So here are a few more shots from my outing. The full list with links is on my Flickr set for you to peruse at will!
IQF Pasta Selections
New Origin Chocolates from Barry Callebaut
Crispy Decorating Chocolates
11 Pounds of Decadence!
Sysco Gets "Fresh"
As Many Mushrooms as You Like!

Monday, March 8, 2010

What's Taters?

To anyone who, like me, grew up in the era of Ebaum's World, AlbinoBlackSheep and the like, I both say hello and I'm sorry that I may have lodged this song/video back into your memory after you spent the last 5-6 years erasing it. You do have to admit, though, that as irritating as it may be, it is rather clever (not to mention catchy!), and how else could I have made myself a witty opener for this sourdough "semi-ciabatta" that's holey crumb gets it's tender texture and subtle flavour from the spud?

This bread, though originally intended to be a ciabatta loaf - low-rising, full of holes, with that distinctive sourdough tang, became more of a pancake for me in practice. Angie's blog (where I found the recipe) has many gorgeous shots of her loaf, which aside from looking a good deal more camera-ready than mine does, actually has a defined shape to it. Contrary to what my loaf wanted to think, I doubt "puddle" counts as a viable form. It's my fault, of course - so many articles and guides on creating ciabatta keep warning against adding flour, and so no matter how fluid my dough-batter was, I resisted the urge. By the time we actually got around to putting it in the oven, we had a rather interesting loaf-shaping form going on the baking sheet consisting of several other weighted roasting and loaf pans!

It's wasn't a lost cause in the end, though I highly doubt my mom will want me making ciabatta-style "wet doughs" anytime soon (not that I'm volunteering!). The tang is there, and the holes and even a delightfully soft crumb who's crannies still manage to hold onto bread dipping oils, honey drizzles and of course good old peanut butter. I've decided to share it with the rest of the YeastSpotting participants this week over at Susan's blog, too!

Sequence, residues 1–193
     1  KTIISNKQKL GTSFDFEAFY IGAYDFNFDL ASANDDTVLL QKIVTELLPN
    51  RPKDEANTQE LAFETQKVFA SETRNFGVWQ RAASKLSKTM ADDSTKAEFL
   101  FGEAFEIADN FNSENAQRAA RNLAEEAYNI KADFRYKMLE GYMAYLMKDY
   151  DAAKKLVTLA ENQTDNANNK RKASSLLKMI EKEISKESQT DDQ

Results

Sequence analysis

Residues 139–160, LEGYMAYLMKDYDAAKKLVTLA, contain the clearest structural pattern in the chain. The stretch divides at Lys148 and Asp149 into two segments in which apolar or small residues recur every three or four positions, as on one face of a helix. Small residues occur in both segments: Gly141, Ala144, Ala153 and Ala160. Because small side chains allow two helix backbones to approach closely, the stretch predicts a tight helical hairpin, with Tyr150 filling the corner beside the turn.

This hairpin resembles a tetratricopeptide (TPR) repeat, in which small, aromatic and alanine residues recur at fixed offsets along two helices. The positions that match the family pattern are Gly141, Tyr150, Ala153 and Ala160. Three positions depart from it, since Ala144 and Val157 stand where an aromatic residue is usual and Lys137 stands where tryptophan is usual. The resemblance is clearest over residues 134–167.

Crispy Crust Potato Loaf
Adapted from Dan Lepard via Angie's Recipes
Makes 1 loaf, 20 slices
313 g refreshed sourdough starter
310 g warm water
75 g warm, unsweetened soy milk (or whole milk)
19 g raw sugar
125 g unpeeled Russet potato, scrubbed well and grated  
625 g flour
15 g sea salt

  1. Combine all the ingredients (except salt) in a large bowl, stirring well with a wooden spoon to form a sticky ball.
  2. Continue to beat with the spoon for about 30 seconds.
  3. Cover with plastic wrap and allow to stand overnight in the fridge.
  4. The next day, remove the dough from the fridge and allow to stand at room temperature 1 hour.
  5. Beat in the sea salt well.
  6. Mist a countertop or wooden board with oil and scrape the mass onto it.
  7. With lightly oiled hands, shape into a rectangle about 8" x 15".
  8. Fold the short ends "letter-style" into the centre of the rectangle, then gently pat and stretch out into a rectangle (with opposite long/short sides) and repeat the letter folds.
  9. Cover with a clean towel and leave one hour at room temperature.
  10. Repeat the shape/fold/shape/fold technique, re-cover and leave for 1 1/2 hours.
  11. Repeat the shape/fold/shape/fold technique once more, re-cover and allow to rise 2 hours (or overnight in the fridge - remove in the morning and allow to rest 2 hours at room temperature before proceeding).
  12. Shape dough into a wide oblong and place seam-side up on a floured towel (or pour onto a floured towel lined sheet tray with a fortified "shaping guide" if its really wet!). Cover and allow to rise 4 hours.
  13. Preheat oven to 425F.
  14. Turn loaf onto a rimless baking sheet (seam will be on the sheet) and with a sharp knife or lame razor slash a single cut down the centre of the loaf.
  15. Bake 25 minutes on the lowest rack of the oven, then reduce the heat to 350F.
  16. Bake a further 35-40 minutes.
  17. Remove from the sheet immediately and cool on a wire rack.

Amount Per Serving
Calories: 146.1
Total Fat: 0.6 g
Cholesterol: 0.0 mg
Sodium: 80.4 mg
Total Carbs: 31.0 g
Dietary Fiber: 1.0 g
Protein: 4.2 g

Sunday, March 7, 2010